Q & A with Eric Flint
Did you know that Eric Flint is an old-school logistician with a penchant for social change? There’s that, and he’s just a pretty cool guy who has accomplished pretty cool stuff in his time as an author with Baen Books since establishing Baen’s Free Library more than a decade ago. We took some time to interview this year’s Guest of Honor to get to know more about the author and his latest activities:
(Q). You can be credited as the genesis of Baen's Free Library, an invaluable resource of novels available to the public completely free; it includes not only your works, but those of your peers such as Larry McNiven, Lois McMaster Bujold, Harry Turtledove and K.D. Wentworth. Similarly, you've been an outspoken opponent of DRM, copyright, and measures to reign in online piracy. How have you seen debate of and the attitude towards piracy change, especially given the recent spate of supposedly piracy-targeted bills (i.e. the U.S.' SOPA and PIPA, Europe's ACTA)?
(A) There's definitely been a change in attitude in publishing with regard to DRM, at least among most authors and editors. I think some corporate bean-counters are still devoted to DRM, but most people actively engaged in the work of publishing (as opposed to the financing of it) have become convinced that DRM is a detriment.
(Q) Arthur C. Clarke famously said science fiction could be described as an "escape into reality", as it so directly deals with issues of the human experience. With that in mind, do you believe science fiction is an inherently political genre?
(A) Yes -- at least in the sense that historical fiction usually has a political dimension. People don't normally think of science fiction as a branch of historical fiction, of course. But the truth is that most SF can be pretty accurately characterized as alternate histories of future societies, and to one degree or another such stories have as at least one component the use of projected future politics as a mirror held up to current politics. That's obvious in such works as Heinlein's Starship Troopers, but you can find the same thing in most SF.
(Q) Alternate history doubtlessly requires a Herculean amount of research; the real quandary seems to be choosing a singular era or year in which to set your stories. How, out of the expanses of recorded history, do you decide when and where to set your story?
(A) The first and most important criterion for me is that there are social and political issues at the center of the story whose resolution in a different manner than actually happened would have made an important difference in history. The second criterion is that I generally avoid historical periods that I think have been overworked, such as WW2 and the American Civil War. The third criterion is that I'm not interested in purely military issues, despite the fact that my AH novels invariably include a lot of military action. To put it another way, I'm not interested in changing the outcome of a given battle simply for the sake of the battle.
(Q) You have a new book, 1636: The Kremlin Games, out on June 5th and an edited anthology, Ring of Fire III, out in August. What projects are you currently working on?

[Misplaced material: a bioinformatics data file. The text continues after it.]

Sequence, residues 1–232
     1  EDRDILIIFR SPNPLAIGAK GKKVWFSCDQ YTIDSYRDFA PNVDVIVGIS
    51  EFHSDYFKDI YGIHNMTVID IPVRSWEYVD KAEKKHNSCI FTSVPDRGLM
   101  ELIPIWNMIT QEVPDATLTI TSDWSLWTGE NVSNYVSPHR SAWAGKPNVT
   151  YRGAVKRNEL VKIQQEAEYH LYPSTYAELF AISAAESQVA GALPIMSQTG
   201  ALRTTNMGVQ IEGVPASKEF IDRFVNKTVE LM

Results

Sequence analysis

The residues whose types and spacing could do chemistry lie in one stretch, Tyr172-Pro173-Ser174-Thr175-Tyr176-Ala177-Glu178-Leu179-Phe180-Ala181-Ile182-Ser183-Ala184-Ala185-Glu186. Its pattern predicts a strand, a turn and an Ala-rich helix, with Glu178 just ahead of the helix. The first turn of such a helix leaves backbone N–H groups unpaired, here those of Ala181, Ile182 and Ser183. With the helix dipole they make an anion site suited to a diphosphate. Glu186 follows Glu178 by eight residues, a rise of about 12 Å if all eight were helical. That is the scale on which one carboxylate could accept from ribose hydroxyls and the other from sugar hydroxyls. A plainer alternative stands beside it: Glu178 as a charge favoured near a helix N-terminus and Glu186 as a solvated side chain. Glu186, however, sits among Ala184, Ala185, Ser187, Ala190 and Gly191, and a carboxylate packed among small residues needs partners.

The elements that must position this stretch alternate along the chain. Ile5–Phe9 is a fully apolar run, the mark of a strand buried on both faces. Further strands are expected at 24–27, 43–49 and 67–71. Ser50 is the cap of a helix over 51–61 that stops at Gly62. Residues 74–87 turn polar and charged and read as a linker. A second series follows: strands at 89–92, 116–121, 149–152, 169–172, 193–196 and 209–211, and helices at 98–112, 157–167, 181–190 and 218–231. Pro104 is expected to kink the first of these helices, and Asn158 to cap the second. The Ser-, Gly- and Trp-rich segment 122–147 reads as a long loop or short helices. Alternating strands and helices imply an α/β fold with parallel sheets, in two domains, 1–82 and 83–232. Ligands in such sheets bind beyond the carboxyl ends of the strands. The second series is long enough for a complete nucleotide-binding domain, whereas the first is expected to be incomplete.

(A) I recently completed a new novel in the 1632 series with Chuck Gannon titled 1636: The Papal Stakes, which is coming out in October. (For those familiar with the series, this book is the direct sequel to 1635: The Cannon Law.) I am currently working with a number of co-authors on several other novels in the 1632 universe. One manuscript was just finished and three more are well underway. I'm also putting the finishing touches on the next novel in the Heirs of Alexandria series that I'm doing with Mercedes Lackey and Dave Freer. The novel is titled Burdens of the Dead and it's a sequel to Much Fall of Blood. I believe it's scheduled for publication in March of next year. I am working on a novella for the next volume in the Clan of the Claw anthologies, edited by Bill Fawcett. And I'm about to start, with David Weber, another novel in the Honor Harrington universe which is a sequel to Torch of Freedom.
(Q) What have you been reading, listening and watching as of late? Anything you'd recommend?
(A) I just finished the Hunger Games trilogy. I liked the first two books but I thought the third one didn't hold up. That didn't surprise me because while the story works very well as a straight adventure story, the background setting is just too flimsy and implausible to really sustain a full trilogy. The movie was very good. I also enjoy the TV series of George R.R. Martin's Song of Fire and Ice. And of course I read a number of works by my (many) co-authors.
(Q) This year's SoonerCon theme, "I'll Be Back to the Future", intersects at time-travel and alternate history; so, if you could personally step through time, past or present, what would you seek to accomplish?
(A) That can be answered in two words -- "good things" -- or would require a monumental essay so I'll leave it at that.
Join us for this continued discussion Saturday (6/16/12) of the convention at “Eric Flint: The Author as an Activist”. You can learn more about Eric Flint, and our other guests by visiting our Panelist link.